The Science Behind The Mental Health Benefits Of Yoga
Unless you’ve renounced all aspects of modern life and run off to live in the mountains, chances are you experience some level of stress from time to time. Stressors are everywhere, from colossal life changes that throw us off balance to everyday annoyances like people cutting us off in traffic.
While we may not be able to avoid stress altogether (nor should we seek to), we can change how we perceive and react to it. Now, I’m not talking about bubble baths, bottles of wine, or Netflix marathons. Sure, those things can reduce stress temporarily, but they do not have a lasting effect.
However, self-care and mindfulness practices like yoga can change how we see stress. While becoming a yogi may not always make you “zenned out” all of the time, ” it will make a noticeable difference in how you handle challenging situations. And we’re not just speaking from personal experience; science proves it too.
So how does coming to your yoga mat each day lower your stress levels? And what are the best yoga poses to stay calm and collected? Let’s find out!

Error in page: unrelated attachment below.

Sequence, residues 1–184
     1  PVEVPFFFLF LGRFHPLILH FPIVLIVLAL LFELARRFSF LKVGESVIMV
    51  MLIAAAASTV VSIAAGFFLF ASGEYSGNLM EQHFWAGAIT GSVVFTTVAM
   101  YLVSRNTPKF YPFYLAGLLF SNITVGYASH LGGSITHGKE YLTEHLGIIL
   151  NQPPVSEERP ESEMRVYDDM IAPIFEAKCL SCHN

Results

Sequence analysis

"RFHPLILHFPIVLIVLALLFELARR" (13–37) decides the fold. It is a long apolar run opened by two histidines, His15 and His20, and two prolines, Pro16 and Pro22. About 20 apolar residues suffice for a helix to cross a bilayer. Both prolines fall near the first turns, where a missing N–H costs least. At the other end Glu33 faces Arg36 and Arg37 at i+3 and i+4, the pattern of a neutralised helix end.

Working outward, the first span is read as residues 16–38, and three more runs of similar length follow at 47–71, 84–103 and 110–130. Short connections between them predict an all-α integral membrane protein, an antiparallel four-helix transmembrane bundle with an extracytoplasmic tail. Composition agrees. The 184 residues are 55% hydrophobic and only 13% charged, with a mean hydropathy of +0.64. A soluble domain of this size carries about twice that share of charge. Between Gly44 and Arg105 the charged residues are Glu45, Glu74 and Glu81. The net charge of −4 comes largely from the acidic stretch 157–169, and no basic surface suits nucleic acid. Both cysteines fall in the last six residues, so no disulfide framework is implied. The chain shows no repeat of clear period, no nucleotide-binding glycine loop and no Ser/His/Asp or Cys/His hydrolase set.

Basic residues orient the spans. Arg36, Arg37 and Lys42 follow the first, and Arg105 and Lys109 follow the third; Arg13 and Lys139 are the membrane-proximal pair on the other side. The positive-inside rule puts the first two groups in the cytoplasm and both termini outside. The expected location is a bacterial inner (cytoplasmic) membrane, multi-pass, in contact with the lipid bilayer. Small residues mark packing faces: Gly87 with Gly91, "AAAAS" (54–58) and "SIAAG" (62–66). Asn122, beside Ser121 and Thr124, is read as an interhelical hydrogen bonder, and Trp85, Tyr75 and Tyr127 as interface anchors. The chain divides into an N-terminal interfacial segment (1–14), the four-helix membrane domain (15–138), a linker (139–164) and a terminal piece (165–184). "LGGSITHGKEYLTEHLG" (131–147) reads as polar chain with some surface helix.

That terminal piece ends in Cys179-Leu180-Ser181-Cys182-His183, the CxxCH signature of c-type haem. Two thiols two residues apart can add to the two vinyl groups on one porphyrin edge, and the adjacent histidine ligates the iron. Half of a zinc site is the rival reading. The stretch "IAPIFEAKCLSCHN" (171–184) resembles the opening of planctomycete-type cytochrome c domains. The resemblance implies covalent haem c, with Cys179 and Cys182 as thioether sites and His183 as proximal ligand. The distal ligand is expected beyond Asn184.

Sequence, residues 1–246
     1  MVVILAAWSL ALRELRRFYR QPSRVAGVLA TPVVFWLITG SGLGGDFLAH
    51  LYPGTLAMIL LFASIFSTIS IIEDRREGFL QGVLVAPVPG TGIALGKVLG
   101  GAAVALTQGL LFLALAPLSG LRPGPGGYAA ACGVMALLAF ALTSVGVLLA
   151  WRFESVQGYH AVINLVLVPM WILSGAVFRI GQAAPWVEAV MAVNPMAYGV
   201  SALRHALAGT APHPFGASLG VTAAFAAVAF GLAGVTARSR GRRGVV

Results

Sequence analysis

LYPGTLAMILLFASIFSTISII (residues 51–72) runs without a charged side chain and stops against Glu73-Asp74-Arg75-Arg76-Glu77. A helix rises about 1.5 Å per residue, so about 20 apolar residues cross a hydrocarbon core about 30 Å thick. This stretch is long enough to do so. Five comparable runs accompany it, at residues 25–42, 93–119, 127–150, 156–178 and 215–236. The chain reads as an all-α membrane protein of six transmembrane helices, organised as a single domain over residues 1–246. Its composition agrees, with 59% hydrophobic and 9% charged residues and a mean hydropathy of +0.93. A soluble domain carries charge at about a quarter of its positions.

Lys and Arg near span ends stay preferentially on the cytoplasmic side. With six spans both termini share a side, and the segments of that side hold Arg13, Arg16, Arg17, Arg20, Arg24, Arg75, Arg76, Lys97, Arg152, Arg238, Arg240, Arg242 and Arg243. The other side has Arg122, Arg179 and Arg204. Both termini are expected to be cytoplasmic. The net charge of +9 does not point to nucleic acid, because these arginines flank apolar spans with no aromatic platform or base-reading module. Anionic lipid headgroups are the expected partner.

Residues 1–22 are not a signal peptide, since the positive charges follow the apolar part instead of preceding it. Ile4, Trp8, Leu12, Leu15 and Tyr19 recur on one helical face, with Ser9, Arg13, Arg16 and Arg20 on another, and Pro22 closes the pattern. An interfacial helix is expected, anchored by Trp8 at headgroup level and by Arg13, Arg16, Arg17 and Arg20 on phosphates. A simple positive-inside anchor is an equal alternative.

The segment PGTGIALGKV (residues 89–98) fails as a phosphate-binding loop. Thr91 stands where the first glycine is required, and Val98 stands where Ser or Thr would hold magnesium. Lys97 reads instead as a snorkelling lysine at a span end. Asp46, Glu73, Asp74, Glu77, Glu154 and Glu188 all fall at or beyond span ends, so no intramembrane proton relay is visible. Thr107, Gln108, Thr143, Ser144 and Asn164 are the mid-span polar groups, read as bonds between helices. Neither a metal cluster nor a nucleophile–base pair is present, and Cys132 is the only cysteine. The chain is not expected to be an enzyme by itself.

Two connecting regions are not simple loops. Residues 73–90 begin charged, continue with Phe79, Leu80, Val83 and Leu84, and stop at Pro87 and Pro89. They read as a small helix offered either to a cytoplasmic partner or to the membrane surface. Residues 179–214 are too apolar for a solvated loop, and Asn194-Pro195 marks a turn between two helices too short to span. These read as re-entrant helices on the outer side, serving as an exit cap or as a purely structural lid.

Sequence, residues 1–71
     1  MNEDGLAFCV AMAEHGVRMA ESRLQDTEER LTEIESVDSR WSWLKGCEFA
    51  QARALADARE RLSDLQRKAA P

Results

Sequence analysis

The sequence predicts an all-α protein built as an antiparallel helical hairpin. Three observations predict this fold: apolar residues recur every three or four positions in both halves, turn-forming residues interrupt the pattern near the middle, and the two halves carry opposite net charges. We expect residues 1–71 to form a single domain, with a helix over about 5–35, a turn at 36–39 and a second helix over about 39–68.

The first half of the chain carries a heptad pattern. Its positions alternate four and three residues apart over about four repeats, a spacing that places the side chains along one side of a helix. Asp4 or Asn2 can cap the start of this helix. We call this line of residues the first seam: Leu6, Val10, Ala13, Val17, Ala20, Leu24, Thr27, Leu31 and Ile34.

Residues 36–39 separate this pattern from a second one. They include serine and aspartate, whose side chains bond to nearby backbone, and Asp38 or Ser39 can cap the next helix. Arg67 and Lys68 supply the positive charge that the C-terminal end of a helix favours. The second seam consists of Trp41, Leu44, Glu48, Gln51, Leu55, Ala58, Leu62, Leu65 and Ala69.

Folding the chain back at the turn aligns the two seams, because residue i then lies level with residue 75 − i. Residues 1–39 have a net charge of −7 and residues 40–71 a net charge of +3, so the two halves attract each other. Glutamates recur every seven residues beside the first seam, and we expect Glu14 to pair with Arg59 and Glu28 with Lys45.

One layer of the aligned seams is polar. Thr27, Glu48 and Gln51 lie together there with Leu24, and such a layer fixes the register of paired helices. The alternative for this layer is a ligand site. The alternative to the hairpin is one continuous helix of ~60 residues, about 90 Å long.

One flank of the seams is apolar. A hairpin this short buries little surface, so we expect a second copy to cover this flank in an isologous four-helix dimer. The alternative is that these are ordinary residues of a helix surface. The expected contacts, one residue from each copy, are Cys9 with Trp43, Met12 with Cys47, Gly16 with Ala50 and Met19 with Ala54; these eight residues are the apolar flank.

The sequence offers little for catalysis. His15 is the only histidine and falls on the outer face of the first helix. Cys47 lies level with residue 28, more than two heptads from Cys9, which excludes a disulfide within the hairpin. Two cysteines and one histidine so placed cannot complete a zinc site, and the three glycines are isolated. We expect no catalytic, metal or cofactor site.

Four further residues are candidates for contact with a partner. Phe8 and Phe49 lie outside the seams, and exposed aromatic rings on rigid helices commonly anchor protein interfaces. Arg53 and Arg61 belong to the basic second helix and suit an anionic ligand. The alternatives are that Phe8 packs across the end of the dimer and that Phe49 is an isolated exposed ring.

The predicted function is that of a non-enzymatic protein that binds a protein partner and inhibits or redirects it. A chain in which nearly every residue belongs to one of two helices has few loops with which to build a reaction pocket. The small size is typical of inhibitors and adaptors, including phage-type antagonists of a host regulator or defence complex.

How Does Yoga Reduce Stress?
The stress-reduction benefits of yoga are partly due to the practice’s calming effect on the nervous system and mind.
When we cultivate a regular yoga practice, our nervous system shifts from the sympathetic nervous system branch (fight or flight mode) to the parasympathetic (rest and digest mode). When the parasympathetic nervous system is triggered, our mind understands that we are safe and, in turn, sends signals to our body to relax.
Nowadays, our nervous systems often remain sympathetic as we are constantly on the go and always have something to worry about. Thus, doing yoga every day can bring more balance to our system, which helps ease our worries.
In addition, the stillness that yoga practice promotes gives us a much-needed “slow down” in our modern, fast-paced lives, preventing burnout and chronic stress.
The Science Behind Yoga For Stress
The link between stress and the nervous system is well-known in the medical world. However, there is also specific research on yoga and its effect on the nervous system.